Five years ago, just days after Timoney's father died, she was offered the job in Ireland and she felt the timing to come home was right. She is glad to have spent the last few years around her family and her mother, who recently passed away.
With the five-year anniversary in the job now approaching, will she seek out pastures new?
"I'm still excited and challenged by the job and we're into the next phase of our vision for Heineken Ireland so there's still a lot that keeps me motivated," she says.
While Timoney has enjoyed the role, there was low point in 2016 when it emerged that some Heineken products were being mislabelled and sold in pubs as craft beers.
The volumes were small but it was embarrassing for the company and received significant media attention. Timoney says little about it only to comment firmly: "I found out about it, we stopped immediately, and we addressed it."
Looking at the overall pubs business, Timoney believes that it remains challenging for many publicans. "I do still think that it's still a tale of two economies," she says. "I think it is the west catching up with the east. So the gap is narrowing, but it's still tough on those rural communities for businesses, not only pubs, to thrive and survive."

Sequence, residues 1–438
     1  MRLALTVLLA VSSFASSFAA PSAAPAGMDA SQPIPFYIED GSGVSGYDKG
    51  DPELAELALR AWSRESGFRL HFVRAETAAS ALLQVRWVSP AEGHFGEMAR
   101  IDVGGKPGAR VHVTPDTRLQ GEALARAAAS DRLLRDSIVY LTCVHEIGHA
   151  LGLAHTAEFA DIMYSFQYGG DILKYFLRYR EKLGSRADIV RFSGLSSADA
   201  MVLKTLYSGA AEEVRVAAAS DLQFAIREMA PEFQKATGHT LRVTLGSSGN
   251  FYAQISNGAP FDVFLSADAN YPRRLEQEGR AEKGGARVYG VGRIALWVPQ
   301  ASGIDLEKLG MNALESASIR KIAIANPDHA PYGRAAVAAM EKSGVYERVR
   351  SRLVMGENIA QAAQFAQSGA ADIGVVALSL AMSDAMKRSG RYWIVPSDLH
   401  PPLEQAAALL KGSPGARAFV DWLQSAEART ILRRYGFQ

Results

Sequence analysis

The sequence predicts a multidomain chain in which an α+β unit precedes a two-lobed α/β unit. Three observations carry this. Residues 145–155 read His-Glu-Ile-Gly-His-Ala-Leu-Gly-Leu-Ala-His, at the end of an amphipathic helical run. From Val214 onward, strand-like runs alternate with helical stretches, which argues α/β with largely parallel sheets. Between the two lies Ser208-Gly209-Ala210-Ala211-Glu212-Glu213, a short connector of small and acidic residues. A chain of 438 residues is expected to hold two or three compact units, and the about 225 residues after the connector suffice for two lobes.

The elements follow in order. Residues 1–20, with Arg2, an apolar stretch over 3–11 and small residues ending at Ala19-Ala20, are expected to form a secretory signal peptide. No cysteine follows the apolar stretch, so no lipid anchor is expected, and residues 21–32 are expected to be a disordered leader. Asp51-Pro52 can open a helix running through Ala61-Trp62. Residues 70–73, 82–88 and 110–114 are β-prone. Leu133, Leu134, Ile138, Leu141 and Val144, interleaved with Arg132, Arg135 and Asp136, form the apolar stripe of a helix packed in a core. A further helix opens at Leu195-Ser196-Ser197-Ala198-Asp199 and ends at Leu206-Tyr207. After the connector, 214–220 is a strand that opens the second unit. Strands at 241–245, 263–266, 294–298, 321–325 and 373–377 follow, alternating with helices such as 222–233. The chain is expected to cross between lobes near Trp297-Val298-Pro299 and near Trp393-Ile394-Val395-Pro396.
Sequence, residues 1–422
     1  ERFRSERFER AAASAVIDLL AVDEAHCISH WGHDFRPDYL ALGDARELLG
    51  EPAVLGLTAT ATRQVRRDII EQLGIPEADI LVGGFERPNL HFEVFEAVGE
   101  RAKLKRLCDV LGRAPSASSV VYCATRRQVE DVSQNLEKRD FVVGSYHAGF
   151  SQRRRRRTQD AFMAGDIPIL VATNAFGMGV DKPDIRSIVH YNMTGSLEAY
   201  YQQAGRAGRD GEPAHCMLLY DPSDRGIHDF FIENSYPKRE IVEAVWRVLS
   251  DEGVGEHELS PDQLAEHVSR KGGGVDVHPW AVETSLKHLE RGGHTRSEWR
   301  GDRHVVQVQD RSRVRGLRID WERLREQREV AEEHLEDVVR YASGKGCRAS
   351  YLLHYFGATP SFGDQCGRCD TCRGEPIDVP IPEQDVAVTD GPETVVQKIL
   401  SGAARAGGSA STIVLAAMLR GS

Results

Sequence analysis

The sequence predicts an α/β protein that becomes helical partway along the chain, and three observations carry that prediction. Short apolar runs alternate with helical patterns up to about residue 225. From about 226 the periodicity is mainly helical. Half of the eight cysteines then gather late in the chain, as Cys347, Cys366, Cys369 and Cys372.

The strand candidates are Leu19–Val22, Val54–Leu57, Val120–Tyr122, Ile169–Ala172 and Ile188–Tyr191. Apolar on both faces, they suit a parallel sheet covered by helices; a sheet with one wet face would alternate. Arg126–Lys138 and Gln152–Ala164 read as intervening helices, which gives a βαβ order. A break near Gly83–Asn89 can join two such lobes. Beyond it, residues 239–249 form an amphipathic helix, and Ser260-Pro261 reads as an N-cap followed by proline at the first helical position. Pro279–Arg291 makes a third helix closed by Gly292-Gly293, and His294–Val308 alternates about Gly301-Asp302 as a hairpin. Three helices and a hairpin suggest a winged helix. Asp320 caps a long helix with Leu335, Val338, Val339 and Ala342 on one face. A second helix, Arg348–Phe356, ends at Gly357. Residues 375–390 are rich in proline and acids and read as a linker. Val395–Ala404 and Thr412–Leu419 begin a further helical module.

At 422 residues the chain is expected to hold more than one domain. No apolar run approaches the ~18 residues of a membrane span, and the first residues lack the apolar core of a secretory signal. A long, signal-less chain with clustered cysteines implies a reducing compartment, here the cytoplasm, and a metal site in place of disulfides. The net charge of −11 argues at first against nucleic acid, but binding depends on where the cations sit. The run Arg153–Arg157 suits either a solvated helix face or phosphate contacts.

With that in mind it must be difficult for a drinks company to get on board with the proposed changes in the Public Health (Alcohol) Bill. There is considerable support for the measures among health campaigners who says drastic action is needed to tackle the country's drink problem. But the industry is particularly opposed to plans to put cancer warnings on labelling. It has also criticised the Government for its lack of engagement with drinks companies.